When I was four, the first of my two little brothers was born and like any other older sibling, I looked forward to the day I could teach him how to moonwalk or recite his ABCs. But as the months passed and he got a little bit bigger and older, I realized that day would never come. Through the years I came to accept that he would never be the jock that I became or get to tell his friends how cool his big brother was. I realized he would never get to run home with an ‘A’ in math like I used to or sneak into my room to play Nintendo or Sega like I did with my older brothers.
My little brother was born with cerebral palsy. As young as I was, I could never understand what that really means but through the years I began to understand what it looks like. I remember seeing the fear and agony in his eyes when he used to wake up in the middle of the night unable to breath but incapable of saying what was wrong. I remember him avoiding unfamiliar faces as he would hide behind me because he knew he was a little bit different by the way people would stare at him and treat him. When I was nine, I remember punching a boy at church because he threw a brick at him, and at thirteen I remember kicking the babysitter because she slapped him—something I’m not proud of, but do not regret doing. And when my mother passed away, I remember dealing with the pain and anguish of wondering if my little brother understood she was gone.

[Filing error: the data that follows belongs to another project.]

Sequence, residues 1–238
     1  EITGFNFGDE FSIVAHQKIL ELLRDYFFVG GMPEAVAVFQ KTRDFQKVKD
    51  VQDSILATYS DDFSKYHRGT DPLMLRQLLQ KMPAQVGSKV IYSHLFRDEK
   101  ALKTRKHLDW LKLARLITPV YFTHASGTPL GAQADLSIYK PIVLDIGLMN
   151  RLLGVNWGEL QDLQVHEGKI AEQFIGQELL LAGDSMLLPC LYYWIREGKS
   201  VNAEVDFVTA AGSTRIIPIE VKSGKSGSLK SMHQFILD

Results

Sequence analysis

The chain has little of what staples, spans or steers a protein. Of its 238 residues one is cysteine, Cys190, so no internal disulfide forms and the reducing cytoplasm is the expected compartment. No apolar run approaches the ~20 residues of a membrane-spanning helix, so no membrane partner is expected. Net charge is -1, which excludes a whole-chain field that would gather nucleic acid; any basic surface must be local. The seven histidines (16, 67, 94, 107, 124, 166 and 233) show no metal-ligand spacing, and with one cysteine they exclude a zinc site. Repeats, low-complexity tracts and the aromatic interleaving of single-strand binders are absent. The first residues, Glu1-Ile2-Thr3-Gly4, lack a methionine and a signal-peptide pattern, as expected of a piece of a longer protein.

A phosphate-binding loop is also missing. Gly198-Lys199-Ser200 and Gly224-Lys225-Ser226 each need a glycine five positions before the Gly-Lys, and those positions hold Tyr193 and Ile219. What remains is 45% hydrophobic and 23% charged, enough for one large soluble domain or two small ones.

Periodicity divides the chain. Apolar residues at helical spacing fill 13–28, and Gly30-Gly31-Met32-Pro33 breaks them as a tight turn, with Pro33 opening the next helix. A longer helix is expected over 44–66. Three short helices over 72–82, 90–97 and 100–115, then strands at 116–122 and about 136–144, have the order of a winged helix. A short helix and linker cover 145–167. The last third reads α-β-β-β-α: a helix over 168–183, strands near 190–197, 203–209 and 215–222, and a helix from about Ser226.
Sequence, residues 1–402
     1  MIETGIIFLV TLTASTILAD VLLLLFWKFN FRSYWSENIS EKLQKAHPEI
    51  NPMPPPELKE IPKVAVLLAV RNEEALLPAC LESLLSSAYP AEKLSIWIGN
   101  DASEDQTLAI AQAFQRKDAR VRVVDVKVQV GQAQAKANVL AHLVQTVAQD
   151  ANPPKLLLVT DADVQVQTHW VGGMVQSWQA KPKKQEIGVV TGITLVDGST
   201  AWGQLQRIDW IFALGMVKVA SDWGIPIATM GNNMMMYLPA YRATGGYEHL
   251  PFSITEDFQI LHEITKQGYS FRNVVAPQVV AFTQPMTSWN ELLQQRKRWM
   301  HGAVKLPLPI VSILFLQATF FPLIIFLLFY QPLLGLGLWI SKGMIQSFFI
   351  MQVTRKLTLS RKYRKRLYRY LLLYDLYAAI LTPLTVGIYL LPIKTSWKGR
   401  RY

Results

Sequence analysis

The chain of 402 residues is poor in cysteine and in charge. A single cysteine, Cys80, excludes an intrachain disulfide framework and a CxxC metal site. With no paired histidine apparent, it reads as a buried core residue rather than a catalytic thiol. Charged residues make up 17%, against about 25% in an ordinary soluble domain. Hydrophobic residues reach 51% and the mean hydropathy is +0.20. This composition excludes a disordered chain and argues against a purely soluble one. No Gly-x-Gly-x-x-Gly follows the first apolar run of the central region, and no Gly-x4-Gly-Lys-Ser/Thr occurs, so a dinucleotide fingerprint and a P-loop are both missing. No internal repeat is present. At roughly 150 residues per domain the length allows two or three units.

There is a world out there many of us never take the time to understand. In that world, every smile is more than just a polite gesture and every idle conversation means more to someone than just a common courtesy. It’s a world that doesn’t mind you laughing at Carlos Mencia dee dee dee jokes but hopes that your sense of humor is not merely a product of ignorance and underlying prejudices. It’s a world where some places have big names like Dementia or Schizophrenia and cool sounding spots like Autism. It’s a place that some call disadvantaged, but I call different; a place that others call Special Ed, but I call blessed and special. It’s a place where being sick is more than just a 3 letter word called the flu and getting well is more than just a doctor prescribed 3-day bed rest. It’s a world you may not understand but a world that needs your understanding; a place where kindness and love are always needed and appreciated.
We’ve come a long way as a society with regards to how we treat the mentally ill and physically disadvantaged. We have changed for the better, but that doesn’t mean our job is done and that our evolution is complete. We are individuals and a society that sometimes continues to shun, ignore, and discriminate against the mentally and physically challenged. You hear it in our jokes as we make fun of each other and you see it in our architecture and technology as we sometimes fail to accommodate the physical and mental disadvantages of others. We see it in our health care policies and how they inadequately meet the needs of the mentally ill and physically disabled, and we see it in the stigma that surrounds those who have to take medications for conditions such as Post Traumatic Stress Disorder (PTSD), Bipolar Disorder, and others.
We have to start learning to be sympathetic to the plight of others. The struggles and ordeals that people with mental illnesses and physical disabilities have to confront or attempt to overcome are immense, and our ignorance and failure to be supportive, protective, encouraging, and sympathetic only makes their burden more difficult and much harder to bare.
Sincerely, Kwapi Vengesayi